In the long term, Mozilla’s header-based approach to stopping cookie-based tracking is a better solution, and we expect, if the idea catches on, Chrome and other browsers will support it as well. For those who want something that works today, Google’s new add-on fits the bill.

Footprints photo by Vinoth Chandar/Flickr/CC

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File Under: Browsers

Chrome 10 ‘Obliterates’ Your Browsing History

Version 10 of Google’s Chrome web browser has entered the dev channel, available to those who enjoy living on the edge. This release features an update to the V8 engine that powers Chrome’s speedy JavaScript, a more refined preferences dialog and print and save options for any PDF files you view in Chrome.

If you’re already subscribed to the dev release channel you should be automatically updated. If you’d like to take the dev channel for a spin, Google has instructions on how to switch Chrome channels.

Of course the dev channel releases often have bugs and Chrome 10 is no exception. Commenters on the Google Chrome blog report that Google Sync no longer works with this release. If that happens to you, you might try disabling any startup flags you might have been using with previous releases, which reportedly solves the problem.

Along with the update to the JavaScript engine, this release features a number of bug fixes (particularly on the Mac platform) and some welcome refinements to the new tabbed preferences dialog. In addition to a better looking UI, the new settings page now has a search box to quickly find the preference setting you’re looking for.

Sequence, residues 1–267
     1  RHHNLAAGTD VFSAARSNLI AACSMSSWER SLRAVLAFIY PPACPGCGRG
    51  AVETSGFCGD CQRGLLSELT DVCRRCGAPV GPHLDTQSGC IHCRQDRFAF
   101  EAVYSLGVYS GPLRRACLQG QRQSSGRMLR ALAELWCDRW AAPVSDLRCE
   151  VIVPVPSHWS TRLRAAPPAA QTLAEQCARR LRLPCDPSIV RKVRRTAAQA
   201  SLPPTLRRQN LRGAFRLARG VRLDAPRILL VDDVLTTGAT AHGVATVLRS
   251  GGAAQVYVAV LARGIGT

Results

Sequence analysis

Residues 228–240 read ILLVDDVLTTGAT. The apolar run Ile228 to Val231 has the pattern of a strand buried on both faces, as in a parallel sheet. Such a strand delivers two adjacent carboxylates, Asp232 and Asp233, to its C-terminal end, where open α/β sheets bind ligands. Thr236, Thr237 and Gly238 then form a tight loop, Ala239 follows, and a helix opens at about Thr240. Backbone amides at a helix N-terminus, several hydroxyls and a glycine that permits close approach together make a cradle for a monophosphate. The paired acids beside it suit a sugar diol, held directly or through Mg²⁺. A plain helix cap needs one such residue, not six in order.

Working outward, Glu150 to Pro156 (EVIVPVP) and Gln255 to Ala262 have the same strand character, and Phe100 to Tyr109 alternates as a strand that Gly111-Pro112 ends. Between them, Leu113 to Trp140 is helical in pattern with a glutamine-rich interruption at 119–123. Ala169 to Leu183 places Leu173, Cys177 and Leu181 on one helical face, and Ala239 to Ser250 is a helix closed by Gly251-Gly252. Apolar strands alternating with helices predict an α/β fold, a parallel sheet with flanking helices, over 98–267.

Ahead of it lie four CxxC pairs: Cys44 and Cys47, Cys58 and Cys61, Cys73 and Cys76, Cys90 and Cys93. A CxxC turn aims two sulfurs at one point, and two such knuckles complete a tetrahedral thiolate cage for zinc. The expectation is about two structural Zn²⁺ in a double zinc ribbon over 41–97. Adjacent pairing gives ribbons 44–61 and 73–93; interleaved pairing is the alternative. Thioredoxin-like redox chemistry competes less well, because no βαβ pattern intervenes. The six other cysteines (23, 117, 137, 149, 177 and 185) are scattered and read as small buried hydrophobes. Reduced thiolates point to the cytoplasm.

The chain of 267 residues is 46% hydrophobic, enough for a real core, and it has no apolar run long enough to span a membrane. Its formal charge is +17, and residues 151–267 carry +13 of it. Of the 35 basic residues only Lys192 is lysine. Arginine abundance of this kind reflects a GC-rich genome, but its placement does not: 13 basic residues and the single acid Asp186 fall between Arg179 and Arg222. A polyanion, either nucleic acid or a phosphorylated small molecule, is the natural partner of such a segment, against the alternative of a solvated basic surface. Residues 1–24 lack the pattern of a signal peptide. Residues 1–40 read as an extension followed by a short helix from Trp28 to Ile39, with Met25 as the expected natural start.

Chrome 10 also features an updated message for the “clear browsing data” option on the preferences page. Instead of just deleting your browsing history and other items, you can now “obliterate the following items from the beginning of time.” We doubt that bit of linguistic whimsy will make it all the way to the stable release of Chrome 10, but it’s certainly more entertaining than the old “clear browsing data” message.

Provided Google sticks with its six week update schedule, Chrome 10 should arrive as a stable release in April 2011.

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Google Dropping H.264 Codec from Chrome Browser [Updated]

Google has rather nonchalantly dropped a bombshell on the web — future versions of the Chrome browser will no longer support the popular H.264 video codec. Instead Google is throwing its hat in with Firefox and Opera, choosing to support the open, royalty-free WebM codec.

Google says the move is meant to “enable open innovation” on the web by ensuring that web video remains royalty-free. While H.264 is widely supported and free for consumers, sites encoding videos — like YouTube — must pay licensing fees to the MPEG Licensing Association, which holds patents on AVC/H.264

Prior to Google’s announcement, the web video codec battle was evenly split — Firefox and Opera supported the open Ogg and WebM codecs, while Safari and Internet Explorer supported H.264. Google took the egalitarian path and supported all three codecs.

Google’s move away from H.264 makes sense given that Google is already heavily invested in WebM. In fact, the only reason the WebM codec exists is because Google purchased On2, the creators of the VP8 codec. Once Google acquired the underlying code it turned around and released VP8 as the open source WebM project.

There’s been considerable outcry from developers concerned that they now need to support two video codecs to get HTML5 video working on their sites. However, given that Firefox — which has a significantly greater market share than Google’s Chrome browser — was never planning to support the H.264 codec, developers were always going to need to support both codes for their sites to work across browsers.